As someone with Asperger’s, I have noticed that, now, when I mention to people that I have Asperger’s, they tend to ask questions such as, “Are you Rain Man?” and “Do you have emotions?”
I’d like to offer a different perspective on what it means to have Asperger’s (slated to be placed under the umbrella of “Autism Spectrum Disorder” in the newest edition of the DSM). Despite all the grief that it has given me, it has been a positive part of my life. One characteristic of Asperger’s Syndrome is “limited empathy.” Apparently, I’m supposed to have a hard time understanding the needs and emotions of others. I feel that my experience has been contrary to that idea; Asperger’s has made me a kinder and more caring person who understands what it means to struggle and wants to make life easier for others.
During elementary school, I was what one might call a “problem child,” something that made educating me an arduous task for parents and teachers. I was awkward, disruptive, and angry (to say the least), lashing out because I felt out of place and like an idiot. I found myself in the principal’s office more times than the typical career criminal finds him/herself in jail. Also having dysgraphia didn’t help matters. The good news is, by the time I reached middle school, my parents and teachers were able to help me overcome Asperger’s and become a successful student with many close friends.
Early on in high school, I came to realize that I was in fact very lucky—there are many intellectually capable students with LD (or without LD) that do not receive the support that they need. Had I not done anything to help solve this, I would feel guilty. Growing up with Asperger’s taught me to be patient and kind as many had been to me. I took up activities such as tutoring and mentoring (as well as my current internship here at the NCLD!) that would allow me to pay forward the favor that parents and teachers had done for me. I decided that it was my duty to give others the same opportunities that I had been given.
Asperger’s is not only a catalyst for me taking action in my community, but also an asset when it comes to doing so. The summer after ninth grade, I worked at a day camp. In a camp group setting, there is often a kid that sits in a corner and sulks. Due to the fact that in school, at times, I had been the proverbial kid in the corner, I was able to connect with these kids and get them to join the group, make friends, and have fun. If I hadn’t had the experience of being the sullen, timid kid, I may have made the error of ignoring such a camper in order to focus on campers to whom socialization comes easily.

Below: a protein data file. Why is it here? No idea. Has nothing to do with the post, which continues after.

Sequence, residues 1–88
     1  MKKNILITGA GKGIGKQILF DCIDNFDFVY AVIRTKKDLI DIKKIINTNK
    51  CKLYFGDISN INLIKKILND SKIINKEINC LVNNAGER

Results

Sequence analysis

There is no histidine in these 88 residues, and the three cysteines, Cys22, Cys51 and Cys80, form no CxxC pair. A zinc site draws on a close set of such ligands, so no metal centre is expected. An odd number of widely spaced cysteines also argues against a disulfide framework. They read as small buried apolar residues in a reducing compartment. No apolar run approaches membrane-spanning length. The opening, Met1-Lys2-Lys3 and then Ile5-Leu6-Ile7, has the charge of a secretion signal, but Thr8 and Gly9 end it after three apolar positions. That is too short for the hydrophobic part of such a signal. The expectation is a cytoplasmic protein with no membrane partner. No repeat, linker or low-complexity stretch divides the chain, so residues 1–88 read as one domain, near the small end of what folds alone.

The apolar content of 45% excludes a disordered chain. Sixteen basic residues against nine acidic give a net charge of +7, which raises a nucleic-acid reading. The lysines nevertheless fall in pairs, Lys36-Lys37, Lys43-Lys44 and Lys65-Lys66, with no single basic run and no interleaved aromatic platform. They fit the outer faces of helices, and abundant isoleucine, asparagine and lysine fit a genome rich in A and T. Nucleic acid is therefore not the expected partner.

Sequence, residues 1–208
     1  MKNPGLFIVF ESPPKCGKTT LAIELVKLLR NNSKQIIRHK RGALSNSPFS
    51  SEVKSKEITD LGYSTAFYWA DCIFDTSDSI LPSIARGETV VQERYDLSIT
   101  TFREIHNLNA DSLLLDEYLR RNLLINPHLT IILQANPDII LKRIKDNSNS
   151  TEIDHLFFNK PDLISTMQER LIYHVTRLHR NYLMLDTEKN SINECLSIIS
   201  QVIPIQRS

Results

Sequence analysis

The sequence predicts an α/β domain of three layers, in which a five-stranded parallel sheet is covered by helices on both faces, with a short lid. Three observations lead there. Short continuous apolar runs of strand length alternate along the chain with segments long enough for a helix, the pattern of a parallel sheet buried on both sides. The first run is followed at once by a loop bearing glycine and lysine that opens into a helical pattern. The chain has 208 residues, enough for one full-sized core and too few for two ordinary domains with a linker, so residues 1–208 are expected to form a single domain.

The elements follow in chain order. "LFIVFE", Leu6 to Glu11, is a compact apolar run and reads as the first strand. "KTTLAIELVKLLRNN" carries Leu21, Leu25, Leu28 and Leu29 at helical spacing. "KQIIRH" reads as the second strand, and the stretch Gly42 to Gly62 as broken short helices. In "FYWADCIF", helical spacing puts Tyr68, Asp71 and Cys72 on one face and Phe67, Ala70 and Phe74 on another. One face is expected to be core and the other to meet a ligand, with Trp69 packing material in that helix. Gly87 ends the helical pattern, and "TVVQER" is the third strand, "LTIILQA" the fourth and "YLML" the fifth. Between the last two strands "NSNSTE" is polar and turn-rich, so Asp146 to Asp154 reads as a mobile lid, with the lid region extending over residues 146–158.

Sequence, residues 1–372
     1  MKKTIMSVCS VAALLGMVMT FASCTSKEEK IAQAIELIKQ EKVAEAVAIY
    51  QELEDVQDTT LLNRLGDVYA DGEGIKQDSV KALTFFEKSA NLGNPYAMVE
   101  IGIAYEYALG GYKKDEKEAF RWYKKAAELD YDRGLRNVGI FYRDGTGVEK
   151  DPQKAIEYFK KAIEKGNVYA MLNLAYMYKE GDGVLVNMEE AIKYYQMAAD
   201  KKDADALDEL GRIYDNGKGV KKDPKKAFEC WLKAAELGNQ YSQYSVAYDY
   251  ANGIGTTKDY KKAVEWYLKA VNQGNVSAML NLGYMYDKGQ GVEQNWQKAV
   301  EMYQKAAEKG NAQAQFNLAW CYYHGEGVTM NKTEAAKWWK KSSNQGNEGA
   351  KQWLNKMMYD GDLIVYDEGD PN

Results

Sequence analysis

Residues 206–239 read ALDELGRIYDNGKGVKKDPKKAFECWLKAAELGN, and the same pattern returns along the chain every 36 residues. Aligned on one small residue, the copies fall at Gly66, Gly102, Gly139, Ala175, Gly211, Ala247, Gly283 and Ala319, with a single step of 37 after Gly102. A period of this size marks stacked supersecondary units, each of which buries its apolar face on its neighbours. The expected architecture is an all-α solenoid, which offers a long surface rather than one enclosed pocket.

Another time that my experiences with Asperger’s helped me was when I tutored at-risk first and second graders last summer. The untapped potential that the clearly intelligent students showed left me shocked and appalled. A number of the students demonstrated clear characteristics of Asperger’s, OCD, and ADHD, yet they had all been in classes that did not provide them any assistance. It took some extra effort, but I was able to coach the students through the coursework they needed to complete in order to advance to the third grade. I helped show them that they are, in fact, very bright seven-year olds with a ton of opportunities in their future.
Upon reflection, it’s not hard to see myself as one of these students, as, if I wasn’t given proper help it’s very likely that I would have come close to failing the second grade. I only got a taste of the hell that is feeling that you are inferior to your peers, an outcast, and failing where you should succeed. However, I got to experience it enough so that I can’t stand the thought of standing by and not helping a child that is struggling and miserable. No one ignored my needs, and I have no right to ignore anyone else’s.